Understanding the settlement process when buying a home

What Is The Property Settlement Process

Sarah Lefebvre
05/12/19 | 5 MIN READ

Property settlement is the process of transferring property ownership from one owner to another. It is a crucial last step to selling a property that is best navigated with the help of a conveyancer or lawyer.  

 

To help you understand this final stage here is a look at the five stages of settlement which we hope makes the next part of your sales journey a smooth one.

Step 1: Exchange of contracts

The first step to legalise the sale is to exchange sale contracts.  There will be two copies of the sale contract, one for you and one for the buyer.  You each sign one copy before they are swapped or as it is called in a few states ‘exchanged’.  This process can be facilitated by your real estate agent, your solicitor or conveyancer.  At the time the contracts are exchanged, the buyer will be required to pay a deposit, which is normally 10%, and this will be held in trust by the real estate agent or your conveyancer.

 

This step is important for a number of reasons:

  • The buyer and seller are not legally bound until signed copies of the contract are exchanged
  • If you sold your property at auction, there is no cooling off period and the buyer is legally bound to buy your property once the contract is exchanged
  • If you sold by private treaty, there is normally a five-day cooling off period during which time the buyer can withdraw from the sale.This may have been waived, extended or reduced in your contract so it’s important to be aware of this
  • Generally, a seller does not have a cooling off period, once the contracts are exchanged, they are normally bound to complete the agreement.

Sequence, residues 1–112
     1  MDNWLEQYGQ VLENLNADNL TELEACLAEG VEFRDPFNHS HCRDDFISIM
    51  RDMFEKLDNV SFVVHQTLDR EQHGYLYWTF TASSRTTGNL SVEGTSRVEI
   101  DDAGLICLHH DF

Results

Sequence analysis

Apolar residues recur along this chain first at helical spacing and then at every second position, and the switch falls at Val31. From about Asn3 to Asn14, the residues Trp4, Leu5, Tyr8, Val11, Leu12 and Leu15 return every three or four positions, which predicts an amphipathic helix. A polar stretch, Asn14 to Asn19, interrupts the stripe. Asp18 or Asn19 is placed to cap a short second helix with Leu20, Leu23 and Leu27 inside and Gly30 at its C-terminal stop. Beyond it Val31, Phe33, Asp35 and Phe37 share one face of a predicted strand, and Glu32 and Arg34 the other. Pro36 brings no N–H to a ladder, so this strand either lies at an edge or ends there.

Step 2: Prepare for property settlement

The time between the contract exchange and settlement, varies, however the average time is normally six weeks which allows time for buyers to get their finances sorted, and for you as the vendor, to fulfil any special conditions that were outlined in the contract of sale.   

 

For example, your contract may have stipulated that you need to complete repairs or maintenance on the property.  You need to make sure these tasks are carried out before settlement day otherwise you risk being in breach of contract and the sale falling through.

 

Step 3: Pre-settlement inspection

As you approach settlement day, the new buyer has the opportunity to inspect your property. Whilst these are not compulsory, buyers usually want to use this time to check nothing untoward has happened to the property since they signed the contract.  It also enables the buyer to check that you have completed any outstanding jobs required as part of the contract.

 

Step 4: Finalise the transfer documentation

On the agreed day of settlement, your solicitor or conveyancer will contact the buyer’s legal representative to ensure all conditions of the contract have been fulfilled.  They will arrange for the balance of your loan to be paid off and the buyers home loan will be registered against the property title.

 

Your legal team will make sure that all necessary property taxes, land transfer duty and water rates are paid and once everything is settled, the transfer documents will be completed and lodged with the land registration office in your state or territory.

 

Assuming all goes to plan, the new buyer assumes legal ownership of the property and the keys can be handed over.

 

Step 5: Completion of the property settlement

Your legal team will notify you when the change of ownership is complete and your lender will provide you with a summary of your loan repayment, interest and any penalties which were necessary to finalise your home loan debt.

 

And with those five steps completed, it’s time to break out the champagne and celebrate, your property has officially been sold!

 

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